However, in the past few years, a number of combination approaches have now been demonstrated to be beneficial, the majority of which are now FDA-approved: nivolumab + ipilimumab, pembrolizumab + axitinib, avelumab + axitinib, lenvantinib + everolimus, and cabozantinib + nivolumab. Many of these have become standard of care.

Dr. Lara concluded that the standard of care for first-line therapy in patients with mRCC in 2020 centers on immunotherapy-based combination therapy and most patients should be considered for this approach. Both immunotherapy-TKI combinations (pembrolizumab-axitinib in all risk groups; avelumab-axitinib in all risk groups; and pending results for nivolumab-cabozantinib), as well as immunotherapy doublet therapy (nivolumab-ipilimumab in intermediate and poor-risk patients), have level I evidence to support their use.

However, it’s important to consider those who are not eligible for immunotherapy, including patients with active autoimmune disease, a history of solid organ transplantation, those requiring supraphysiologic corticosteroids, those on chronic immunosuppressive therapy, and according to specific patient preferences (for example, those who refuse intravenous agents).

Conversely, Dr. Lara highlighted patients who could be considered for monotherapy with checkpoint inhibitors. While few patients fit this category, such an approach could be considered for patients who are ineligible or refuse a VEGFR-TKI containing combination or who are averse to ipilimumab. Preliminary data on this approach suggest objective response rates of 34-36% and progression-free survival of 7-8 months.Pembrolizumab_Nivolumab.pngDr. Lara then addressed the question of high dose-IL2 monotherapy. While this was a standard approach prior to the introduction of TKIs, this is still listed as a monotherapy option in some guidelines. Dr. Lara suggested that almost no patients should be considered for this approach but, when considered, it should be reserved for robust patients with excellent performance status and normal end-organ function due to the potential for long term survival. However, it should be noted that such an approach requires inpatient care and high toxicity.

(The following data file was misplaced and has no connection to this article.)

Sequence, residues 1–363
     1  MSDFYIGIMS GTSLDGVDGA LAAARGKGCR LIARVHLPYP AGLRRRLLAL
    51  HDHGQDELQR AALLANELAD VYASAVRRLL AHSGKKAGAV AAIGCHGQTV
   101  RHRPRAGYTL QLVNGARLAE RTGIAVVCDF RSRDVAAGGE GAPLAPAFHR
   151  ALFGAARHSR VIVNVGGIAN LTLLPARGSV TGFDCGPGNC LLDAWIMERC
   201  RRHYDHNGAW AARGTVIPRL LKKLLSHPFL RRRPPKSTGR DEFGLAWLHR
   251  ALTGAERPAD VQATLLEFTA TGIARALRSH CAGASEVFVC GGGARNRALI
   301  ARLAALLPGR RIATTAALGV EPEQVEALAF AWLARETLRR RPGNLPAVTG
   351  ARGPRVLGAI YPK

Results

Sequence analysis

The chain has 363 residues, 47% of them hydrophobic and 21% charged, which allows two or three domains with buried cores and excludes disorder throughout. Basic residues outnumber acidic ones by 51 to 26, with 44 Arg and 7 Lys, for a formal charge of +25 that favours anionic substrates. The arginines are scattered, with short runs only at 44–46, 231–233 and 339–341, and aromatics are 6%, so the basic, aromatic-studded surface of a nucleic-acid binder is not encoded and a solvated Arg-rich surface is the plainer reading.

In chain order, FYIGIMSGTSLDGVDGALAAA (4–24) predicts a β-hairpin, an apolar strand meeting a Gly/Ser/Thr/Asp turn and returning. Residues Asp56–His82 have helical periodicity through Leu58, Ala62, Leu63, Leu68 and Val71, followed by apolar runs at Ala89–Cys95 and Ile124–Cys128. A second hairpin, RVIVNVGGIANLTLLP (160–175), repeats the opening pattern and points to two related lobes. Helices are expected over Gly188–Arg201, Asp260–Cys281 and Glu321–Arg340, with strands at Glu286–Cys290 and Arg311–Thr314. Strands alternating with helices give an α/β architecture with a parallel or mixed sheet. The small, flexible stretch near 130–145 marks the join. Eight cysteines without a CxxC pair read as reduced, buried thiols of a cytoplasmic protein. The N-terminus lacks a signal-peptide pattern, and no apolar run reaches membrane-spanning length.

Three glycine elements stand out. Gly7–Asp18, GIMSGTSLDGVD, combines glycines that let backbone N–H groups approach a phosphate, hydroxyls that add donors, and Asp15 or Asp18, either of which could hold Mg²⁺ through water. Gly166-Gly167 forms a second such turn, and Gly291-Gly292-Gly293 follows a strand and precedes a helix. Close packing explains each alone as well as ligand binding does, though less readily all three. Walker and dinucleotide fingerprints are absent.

Further, while mTOR monotherapy (with temsirolimus) remains FDA-approved for the frontline treatment of mRCC, Dr. Lara suggested that there is little justification for its use in the first-line setting.

Finally, Dr. Lara considered the question of when to offer VEGFR-TKI monotherapy. He highlighted four circumstances: those ineligible for immunotherapy, those who refuse immunotherapy, those who are intolerant of immunotherapy, and in selected subsets of patients. These subsets include those with bone-only disease, those with non-clear cell histology, and some favorable-risk patients. In favorable-risk disease, the CheckMate214 trial demonstrated high response rates and progression-free survival for patients receiving sunitinib, as compared to nivolumab and ipilimumab. CheckMate214_data.pngSimilarly, in the KEYNOTE-426 trial, there was no overall survival benefit or progression-free survival benefit for the combination of pembrolizumab and axitinib as compared to sunitinib in the favorable risk subgroup.KEYNOTE426_data.png

In summary, Dr. Lara highlighted the importance of risk stratification, multi-disciplinary input, and assessment of immunotherapy eligibility prior to decision making. For most patients, combination immunotherapy-based therapy should be considered standard of care with monotherapy limited to a small and diminishing, subset.

Presented by: Primo Lara, MD, UC Davis Comprehensive Cancer Center

Written by: Christopher J.D. Wallis, Urologic Oncology Fellow, Vanderbilt University Medical Center, @WallisCJD on Twitter at the ASCO20 Virtual Education Program, #ASCO20, August 8-10, 2020